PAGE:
Treatment for endometriosis, clinics and specialists

Working together

As the result of our agreement with the National Endometriosis Association (ADAEC), the Ginemed Foundation is offering free consultations to ADAEC’s members (via email, telephone and skype) with our endometriosis specialist, Dr Elena Traverso.

Every year we hold meetings where patients and Ginemed specialists gather together to discuss the latest developments regarding the disease, which between 5 and 10 % of the female population suffer from and which is one of the principal causes of infertility.

From a human perspective the meetings deal with topics such as assisted reproduction without hormones, new lines of non-surgical treatment for endometriosis and early diagnosis.

Dr Elena Traverso
Endometriosis specialist
Ginemed
FAQs
What causes endometriosis?

Experts do not know why some women develop endometriosis. During each menstrual period, most of the uterine lining and blood is shed through the cervix and into the vagina. However, some of this tissue enters the pelvis through the fallopian tubes. Women who develop endometriosis simply may be unable to clear the pelvis of these cells.

Source: American Society for Reproductive Medicine

How is it diagnosed?

Endometriosis cannot be diagnosed by symptoms alone. Your physician may suspect endometriosis if you are having fertility problems, severe menstrual cramps, pain during intercourse, or chronic pelvic pain. It also may be suspected when there is a persistent ovarian cyst. Endometriosis is often found in close family members like a mother or sister. Remember, however, that many women with endometriosis have no symptoms at all.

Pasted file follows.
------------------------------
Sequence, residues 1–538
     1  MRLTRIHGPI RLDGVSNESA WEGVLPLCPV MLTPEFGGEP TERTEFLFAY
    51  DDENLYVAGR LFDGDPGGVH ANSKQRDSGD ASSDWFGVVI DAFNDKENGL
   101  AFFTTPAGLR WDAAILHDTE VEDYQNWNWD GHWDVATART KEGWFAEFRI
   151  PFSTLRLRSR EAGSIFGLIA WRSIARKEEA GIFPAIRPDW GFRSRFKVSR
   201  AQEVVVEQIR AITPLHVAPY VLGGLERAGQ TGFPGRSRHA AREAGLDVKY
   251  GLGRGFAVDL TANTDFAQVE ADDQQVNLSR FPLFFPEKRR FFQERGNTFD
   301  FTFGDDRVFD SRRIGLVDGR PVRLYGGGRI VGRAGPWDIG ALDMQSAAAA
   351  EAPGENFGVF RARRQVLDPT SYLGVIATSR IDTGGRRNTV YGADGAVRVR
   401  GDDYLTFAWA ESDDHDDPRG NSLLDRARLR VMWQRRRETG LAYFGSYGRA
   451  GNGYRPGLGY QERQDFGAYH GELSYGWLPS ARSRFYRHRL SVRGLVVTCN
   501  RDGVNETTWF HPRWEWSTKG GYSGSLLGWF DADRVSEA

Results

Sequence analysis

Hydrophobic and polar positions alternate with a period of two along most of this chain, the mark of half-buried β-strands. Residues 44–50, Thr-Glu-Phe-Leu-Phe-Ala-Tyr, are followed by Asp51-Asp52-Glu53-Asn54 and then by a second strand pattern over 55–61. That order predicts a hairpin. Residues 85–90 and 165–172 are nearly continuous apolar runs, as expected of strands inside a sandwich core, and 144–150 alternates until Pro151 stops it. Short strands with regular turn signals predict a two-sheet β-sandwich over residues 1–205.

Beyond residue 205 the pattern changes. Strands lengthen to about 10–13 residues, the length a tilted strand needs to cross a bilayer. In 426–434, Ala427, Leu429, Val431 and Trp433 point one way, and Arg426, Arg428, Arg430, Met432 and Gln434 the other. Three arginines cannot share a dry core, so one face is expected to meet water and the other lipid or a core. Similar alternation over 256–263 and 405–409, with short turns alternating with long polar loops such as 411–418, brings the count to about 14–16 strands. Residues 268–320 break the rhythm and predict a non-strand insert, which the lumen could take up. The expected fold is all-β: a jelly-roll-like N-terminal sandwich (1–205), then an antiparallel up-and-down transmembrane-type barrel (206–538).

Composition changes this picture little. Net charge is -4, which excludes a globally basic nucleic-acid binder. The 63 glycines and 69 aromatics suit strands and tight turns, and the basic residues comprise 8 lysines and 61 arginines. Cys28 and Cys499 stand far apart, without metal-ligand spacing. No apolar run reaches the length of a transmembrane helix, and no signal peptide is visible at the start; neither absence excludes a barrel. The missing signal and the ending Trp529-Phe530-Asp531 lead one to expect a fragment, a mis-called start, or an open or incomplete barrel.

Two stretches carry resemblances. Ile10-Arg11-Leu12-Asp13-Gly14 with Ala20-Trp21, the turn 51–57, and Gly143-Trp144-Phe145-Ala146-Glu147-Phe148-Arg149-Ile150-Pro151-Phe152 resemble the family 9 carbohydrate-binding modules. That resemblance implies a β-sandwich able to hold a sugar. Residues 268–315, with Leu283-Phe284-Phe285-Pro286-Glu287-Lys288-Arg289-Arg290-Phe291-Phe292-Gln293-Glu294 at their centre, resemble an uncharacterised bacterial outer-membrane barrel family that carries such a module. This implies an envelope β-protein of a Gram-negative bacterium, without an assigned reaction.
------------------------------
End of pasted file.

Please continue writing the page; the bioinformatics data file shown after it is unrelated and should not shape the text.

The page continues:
Source: American Society for Reproductive Medicine

Who can suffer from endometriosis?

It can affect women who already have children as well as adolescents and young women. Some experts claim that endometriosis is more likely in women who have never been pregnant. Endometriosis can be found in between 24 to 50% of women who suffer from infertility and in more than 20% of women who have chronic pelvic pain.

Source: American Society for Reproductive Medicine

How are the stages of endometriosis classified?

Endometriosis is classified into one of four stages (I-minimal, II-mild, III-moderate, and IV-severe) depending on location, extent, and depth of endometriosis implants; presence and severity of adhesions; and presence and size of ovarian endometriomas. Most women have minimal or mild endometriosis, which is characterised by superficial implants and mild adhesions. Moderate and severe endometriosis is characterised by chocolate cysts and more severe adhesions. The stage of endometriosis does not correlate with the presence of or severity of symptoms; with stage IV endometriosis, infertility is very likely.

Source: American Society for Reproductive Medicine

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